Life insurance can provide a crucial safety net for your family and loved ones, but is it subject to tax? This quick guide will help clear things up.
When considering life insurance and tax, there are two key questions. The first is whether taxes apply to life insurance pay-outs or benefits, and the second is whether life insurance premiums can be tax deductible. We’ll start by briefly outlining the four main types of life insurance.
What are the different types of life insurance?
Also known as term life insurance, this type of insurance can pay out a lump sum to your designated beneficiaries (typically a spouse or children) in the case of your death. Some policies will provide an early pay-out if you are living with a serious terminal illness.
TPD insurance can pay out if you suffer an illness or injury that prevents you from working in any capacity. Benefits are usually made available to yourself and any beneficiaries in a lump sum, which can often help with rehabilitation.
Critical illness insurance
Critical illness insurance can pay out if you suffer a serious medical event or illness. This might include things like a heart attack, stroke or paralysis. It is often used to help pay for medical treatment, rehabilitation and the road to recovery.
This type of insurance can provide a benefit – often made up of monthly instalments – in case you’re unable to work due to sickness or injury.
Are life insurance benefits (pay-outs) taxed?
Life insurance benefits are often tax-free, particularly when they are going to a financial dependent – this could be your spouse or child. This is typically true for life insurance (in case of death) as well as critical illness insurance and total permanent disability insurance. However, pay outs made under income protection insurance are unlikely to be tax free, and are often taxed on a monthly basis.
When naming an insurance beneficiary, you will need to check your policy to establish who counts as a financial dependent. Spouses are commonly accepted, but there are more restrictions around children over the age of 18, who are often not regarded as financial dependents when it comes to receiving a lump sum. If life insurance is purchased through a super fund, the benefits will be paid to the trustee.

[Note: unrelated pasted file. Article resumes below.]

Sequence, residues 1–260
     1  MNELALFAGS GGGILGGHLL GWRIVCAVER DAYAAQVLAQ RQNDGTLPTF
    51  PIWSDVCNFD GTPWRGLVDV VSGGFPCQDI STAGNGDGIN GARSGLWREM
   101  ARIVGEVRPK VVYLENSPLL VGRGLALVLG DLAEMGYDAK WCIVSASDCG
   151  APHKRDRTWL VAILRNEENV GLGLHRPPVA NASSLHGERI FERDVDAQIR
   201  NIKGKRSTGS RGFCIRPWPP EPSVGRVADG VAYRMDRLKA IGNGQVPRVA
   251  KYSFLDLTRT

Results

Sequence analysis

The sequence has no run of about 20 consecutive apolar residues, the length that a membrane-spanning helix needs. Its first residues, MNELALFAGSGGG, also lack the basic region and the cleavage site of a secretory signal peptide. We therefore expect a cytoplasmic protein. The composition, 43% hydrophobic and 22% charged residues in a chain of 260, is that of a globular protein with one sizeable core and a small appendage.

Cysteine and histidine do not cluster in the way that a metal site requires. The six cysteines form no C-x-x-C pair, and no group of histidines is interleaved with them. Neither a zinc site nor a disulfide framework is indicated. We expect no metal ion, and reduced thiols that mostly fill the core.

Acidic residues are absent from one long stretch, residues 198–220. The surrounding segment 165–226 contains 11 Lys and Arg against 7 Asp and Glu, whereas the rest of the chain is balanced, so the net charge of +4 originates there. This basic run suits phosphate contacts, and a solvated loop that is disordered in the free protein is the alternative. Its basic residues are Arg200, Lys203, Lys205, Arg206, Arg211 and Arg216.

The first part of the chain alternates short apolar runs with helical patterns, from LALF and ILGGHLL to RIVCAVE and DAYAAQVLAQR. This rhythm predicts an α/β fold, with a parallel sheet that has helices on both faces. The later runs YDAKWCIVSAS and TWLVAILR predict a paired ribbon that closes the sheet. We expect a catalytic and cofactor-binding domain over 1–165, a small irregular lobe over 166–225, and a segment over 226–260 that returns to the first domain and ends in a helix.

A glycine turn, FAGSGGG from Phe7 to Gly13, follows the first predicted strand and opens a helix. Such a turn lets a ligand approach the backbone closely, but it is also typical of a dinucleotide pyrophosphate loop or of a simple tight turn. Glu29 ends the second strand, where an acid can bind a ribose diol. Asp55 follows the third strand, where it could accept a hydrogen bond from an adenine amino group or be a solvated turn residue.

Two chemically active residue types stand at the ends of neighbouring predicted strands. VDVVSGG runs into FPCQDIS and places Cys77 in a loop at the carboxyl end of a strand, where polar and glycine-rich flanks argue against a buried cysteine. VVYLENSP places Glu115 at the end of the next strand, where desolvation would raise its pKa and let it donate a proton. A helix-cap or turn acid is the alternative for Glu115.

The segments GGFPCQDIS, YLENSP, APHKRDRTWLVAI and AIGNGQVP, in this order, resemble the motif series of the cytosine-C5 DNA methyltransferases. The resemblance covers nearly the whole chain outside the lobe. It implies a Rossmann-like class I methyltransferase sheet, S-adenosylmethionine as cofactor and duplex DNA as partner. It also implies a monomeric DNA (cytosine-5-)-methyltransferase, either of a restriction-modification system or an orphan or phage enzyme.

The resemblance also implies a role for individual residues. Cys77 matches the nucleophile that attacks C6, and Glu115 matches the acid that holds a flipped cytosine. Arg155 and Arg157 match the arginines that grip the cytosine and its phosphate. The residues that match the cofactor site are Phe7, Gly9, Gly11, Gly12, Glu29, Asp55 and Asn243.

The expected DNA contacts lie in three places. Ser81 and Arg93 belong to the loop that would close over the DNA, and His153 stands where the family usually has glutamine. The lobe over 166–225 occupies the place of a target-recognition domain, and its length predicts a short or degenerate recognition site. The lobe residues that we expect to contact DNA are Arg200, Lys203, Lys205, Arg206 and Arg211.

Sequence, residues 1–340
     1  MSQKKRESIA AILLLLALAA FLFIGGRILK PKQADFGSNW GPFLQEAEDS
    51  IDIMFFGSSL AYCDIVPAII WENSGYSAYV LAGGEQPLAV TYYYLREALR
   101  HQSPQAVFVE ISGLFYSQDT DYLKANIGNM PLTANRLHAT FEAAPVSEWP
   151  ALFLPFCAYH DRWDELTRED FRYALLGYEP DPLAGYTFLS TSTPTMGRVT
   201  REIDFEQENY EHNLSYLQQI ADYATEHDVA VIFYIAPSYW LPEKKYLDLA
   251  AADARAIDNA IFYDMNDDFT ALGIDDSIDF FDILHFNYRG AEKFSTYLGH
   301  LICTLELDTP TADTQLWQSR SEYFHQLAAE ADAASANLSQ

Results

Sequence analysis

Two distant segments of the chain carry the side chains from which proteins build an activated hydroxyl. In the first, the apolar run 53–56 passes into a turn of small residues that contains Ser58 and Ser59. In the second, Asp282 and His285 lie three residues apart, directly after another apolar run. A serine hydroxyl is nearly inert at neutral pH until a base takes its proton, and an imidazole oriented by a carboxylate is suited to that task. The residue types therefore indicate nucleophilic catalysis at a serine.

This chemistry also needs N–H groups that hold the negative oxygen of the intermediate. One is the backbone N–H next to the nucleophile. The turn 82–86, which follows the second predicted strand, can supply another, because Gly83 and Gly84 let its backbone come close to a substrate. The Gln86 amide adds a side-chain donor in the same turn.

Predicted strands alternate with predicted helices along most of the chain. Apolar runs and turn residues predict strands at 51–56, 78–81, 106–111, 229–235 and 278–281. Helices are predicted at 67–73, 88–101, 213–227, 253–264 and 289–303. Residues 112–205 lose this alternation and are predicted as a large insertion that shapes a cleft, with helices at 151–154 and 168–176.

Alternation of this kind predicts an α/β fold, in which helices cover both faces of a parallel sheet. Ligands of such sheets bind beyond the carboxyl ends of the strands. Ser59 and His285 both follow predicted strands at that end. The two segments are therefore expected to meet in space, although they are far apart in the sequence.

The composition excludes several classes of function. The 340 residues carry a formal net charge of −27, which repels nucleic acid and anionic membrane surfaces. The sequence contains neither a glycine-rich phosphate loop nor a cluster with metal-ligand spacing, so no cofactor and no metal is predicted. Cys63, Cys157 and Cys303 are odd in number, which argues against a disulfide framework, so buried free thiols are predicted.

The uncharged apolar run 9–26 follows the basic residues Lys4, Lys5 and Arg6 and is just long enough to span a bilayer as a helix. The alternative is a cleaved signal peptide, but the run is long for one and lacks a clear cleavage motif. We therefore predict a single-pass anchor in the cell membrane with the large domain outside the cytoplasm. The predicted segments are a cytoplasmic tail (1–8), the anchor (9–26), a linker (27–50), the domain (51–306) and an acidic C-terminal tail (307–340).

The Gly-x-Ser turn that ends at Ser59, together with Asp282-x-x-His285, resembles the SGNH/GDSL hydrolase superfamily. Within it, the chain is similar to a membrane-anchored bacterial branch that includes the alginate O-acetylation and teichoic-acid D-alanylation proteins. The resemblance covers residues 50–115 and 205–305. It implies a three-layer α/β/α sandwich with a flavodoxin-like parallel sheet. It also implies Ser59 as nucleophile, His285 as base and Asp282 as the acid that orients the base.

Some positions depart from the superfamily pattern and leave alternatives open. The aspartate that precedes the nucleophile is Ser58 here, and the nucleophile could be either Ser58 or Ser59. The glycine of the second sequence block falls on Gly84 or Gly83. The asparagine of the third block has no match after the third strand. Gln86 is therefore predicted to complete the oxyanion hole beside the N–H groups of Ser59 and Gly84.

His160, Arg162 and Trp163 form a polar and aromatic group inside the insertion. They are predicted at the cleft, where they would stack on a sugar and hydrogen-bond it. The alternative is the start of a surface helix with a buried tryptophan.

Now to answer whether life insurance premiums (monthly or annual fees) can be deducted from your tax.
Which types of life insurance are tax-deductible?
● Life insurance, critical illness and TPD insurances purchased outside your super are not tax deductible.
● TPD insurance purchased within your super is tax deductible.
● Income protection insurance is usually tax deductible regardless of how you purchased it.
Is life insurance tax deductible when obtained through of superannuation?
According to the ATO, the answer is no. Life insurance taken out via super funds is not tax deductible. However, there is an exception to be explored for those with a Self Managed Super Fund. If you have a Self Managed Super Fund, you may be able to tax deduct your life insurance premiums, and it is best to discuss your options with your accountant or financial adviser.
Is life insurance tax deductible if I get it outside of superannuation?
Again, the answer here is typically no. Life insurance against death, TPD or critical illness isn’t tax deductible, even if purchased outside superannuation. One notable exception here is income protection insurance if purchased outside your super fund. This is because income protection insurance premiums are directly linked to your income. You can learn more about the different considerations when claiming tax deductions on insurance premiums here.When you need your questions answered or if you need any assistance, contact TAL on 131 825 or get a quick quote using the online TAL CoverBuilder.